That night Oswald was taken very ill. For three days his life hung in the balance, then youth and healthy living triumphed over shock and bereavement, and he came slowly back to his sad and crippled existence.
He had been conscious for a week or more of his surroundings, and of his bitter sorrows as well, when one morning he asked Doris whose face it was he had seen bending over him so often during the last week: “Have you a new doctor? A man with white hair and a comforting smile? Or have I dreamed this face? I have had so many fancies this might easily be one of them.”
“No, it is not a fancy,” was the quiet reply. “Nor is it the face of a doctor. It is that of friend. One whose heart is bound up in your recovery; one for whom you must live, Mr. Brotherson.”
“I don’t know him, Doris. It’s a strange face to me. And yet, it’s not altogether strange. Who is this man and why should he care for me so deeply?”
“Because you share one love and one grief. It is Edith’s father whom you see at your bedside. He has helped to nurse you ever since you came down this second time.”
“Edith’s father! Doris, it cannot be. Edith’s father!”
“Yes, Mr. Challoner has been in Derby for the last two weeks. He has only one interest now; to see you well again.”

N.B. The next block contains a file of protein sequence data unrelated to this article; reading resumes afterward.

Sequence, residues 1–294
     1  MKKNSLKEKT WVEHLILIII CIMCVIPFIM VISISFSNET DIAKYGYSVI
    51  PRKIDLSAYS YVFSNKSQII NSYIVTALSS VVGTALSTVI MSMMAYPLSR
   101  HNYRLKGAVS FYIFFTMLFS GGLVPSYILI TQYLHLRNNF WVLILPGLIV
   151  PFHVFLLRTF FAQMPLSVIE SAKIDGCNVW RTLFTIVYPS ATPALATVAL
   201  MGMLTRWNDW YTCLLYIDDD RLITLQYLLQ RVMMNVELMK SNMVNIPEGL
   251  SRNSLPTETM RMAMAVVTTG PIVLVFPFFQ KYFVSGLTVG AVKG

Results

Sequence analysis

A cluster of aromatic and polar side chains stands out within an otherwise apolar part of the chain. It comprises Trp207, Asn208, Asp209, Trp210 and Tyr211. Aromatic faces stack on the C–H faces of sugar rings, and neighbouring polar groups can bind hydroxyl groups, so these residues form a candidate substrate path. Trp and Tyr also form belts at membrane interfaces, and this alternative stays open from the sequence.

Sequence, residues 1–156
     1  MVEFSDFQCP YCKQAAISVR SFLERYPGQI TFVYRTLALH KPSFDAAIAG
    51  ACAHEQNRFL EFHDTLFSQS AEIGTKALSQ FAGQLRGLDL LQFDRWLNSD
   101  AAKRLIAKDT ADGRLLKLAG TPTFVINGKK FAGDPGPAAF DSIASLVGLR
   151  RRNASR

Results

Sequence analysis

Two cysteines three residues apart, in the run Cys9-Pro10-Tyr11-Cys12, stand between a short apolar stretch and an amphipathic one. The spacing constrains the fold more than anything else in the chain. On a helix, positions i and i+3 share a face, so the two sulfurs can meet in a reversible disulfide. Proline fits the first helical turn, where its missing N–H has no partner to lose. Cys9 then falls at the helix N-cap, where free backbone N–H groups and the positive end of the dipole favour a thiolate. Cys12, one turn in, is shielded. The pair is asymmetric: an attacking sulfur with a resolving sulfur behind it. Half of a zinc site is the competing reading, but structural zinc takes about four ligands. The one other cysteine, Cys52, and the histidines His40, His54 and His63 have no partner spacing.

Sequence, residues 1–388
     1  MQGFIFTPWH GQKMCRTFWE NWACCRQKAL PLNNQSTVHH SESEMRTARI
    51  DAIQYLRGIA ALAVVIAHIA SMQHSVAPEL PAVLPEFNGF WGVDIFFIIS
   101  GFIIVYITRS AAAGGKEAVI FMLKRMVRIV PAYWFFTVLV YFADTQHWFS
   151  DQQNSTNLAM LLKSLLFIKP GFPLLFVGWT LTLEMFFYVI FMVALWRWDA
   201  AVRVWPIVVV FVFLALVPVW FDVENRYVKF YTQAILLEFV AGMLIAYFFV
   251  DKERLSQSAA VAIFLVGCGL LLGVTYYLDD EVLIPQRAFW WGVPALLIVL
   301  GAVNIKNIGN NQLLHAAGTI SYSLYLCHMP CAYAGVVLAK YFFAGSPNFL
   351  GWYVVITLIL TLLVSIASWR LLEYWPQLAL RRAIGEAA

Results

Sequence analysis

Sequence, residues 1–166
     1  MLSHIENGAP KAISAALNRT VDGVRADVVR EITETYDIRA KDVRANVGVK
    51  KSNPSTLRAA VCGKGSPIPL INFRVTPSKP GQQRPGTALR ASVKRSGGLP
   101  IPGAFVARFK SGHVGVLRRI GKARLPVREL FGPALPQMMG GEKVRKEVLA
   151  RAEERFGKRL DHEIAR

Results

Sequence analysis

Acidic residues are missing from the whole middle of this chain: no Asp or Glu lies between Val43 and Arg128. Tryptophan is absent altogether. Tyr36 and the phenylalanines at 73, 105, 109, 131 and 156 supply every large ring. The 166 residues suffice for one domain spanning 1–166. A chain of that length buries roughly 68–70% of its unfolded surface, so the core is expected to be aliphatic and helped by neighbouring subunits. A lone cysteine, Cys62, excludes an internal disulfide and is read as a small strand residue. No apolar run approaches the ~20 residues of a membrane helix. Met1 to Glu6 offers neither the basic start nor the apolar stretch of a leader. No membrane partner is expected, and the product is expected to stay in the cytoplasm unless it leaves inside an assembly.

Doris caught the note of pain, if not suspicion, in this query, and smiled as she asked in turn:
“Shall he answer that question himself? He is waiting to come in. Not to talk. You need not fear his talking. He’s as quiet as any man I ever saw.”
The sick man closed his eyes, and Doris watching, saw the flush rise to his emaciated cheek, then slowly fade away again to a pallor that frightened her. Had she injured where she would heal? Had she pressed too suddenly and too hard on the ever gaping wound in her invalid’s breast? She gasped in terror at the thought, then she faintly smiled, for his eyes had opened again and showed a calm determination as he said:
“I should like to see him. I should like him to answer the question I have just put you. I should rest easier and get well faster — or not get well at all.”
This latter he half whispered, and Doris, tripping from the room may not have heard it, for her face showed no further shadow as she ushered in Mr. Challoner, and closed the door behind him. She had looked forward to this moment for days. To Oswald, however, it was an unexpected excitement and his voice trembled with something more than physical weakness as he greeted his visitor and thanked him for his attentions.
“Doris says that you have shown me this kindness from the desire you have to see me well again Mr. Challoner. Is this true?”
“Very true. I cannot emphasise the fact too strongly.”
Oswald’s eyes met his again, this time with great earnestness.
“You must have serious reasons for feeling so — reasons which I do not quite understand. May I ask why you place such value upon a life which, if ever useful to itself or others, has lost and lost forever, the one delight which gave it meaning?”
It was for Mr. Challoner’s voice to tremble now, as reaching out his hand, he declared, with unmistakable feeling:
“I have no son. I have no interest left in life, outside this room and the possibilities it contains for me. Your attachment to my daughter has created a bond between us, Mr. Brotherson, which I sincerely hope to see recognised by you.”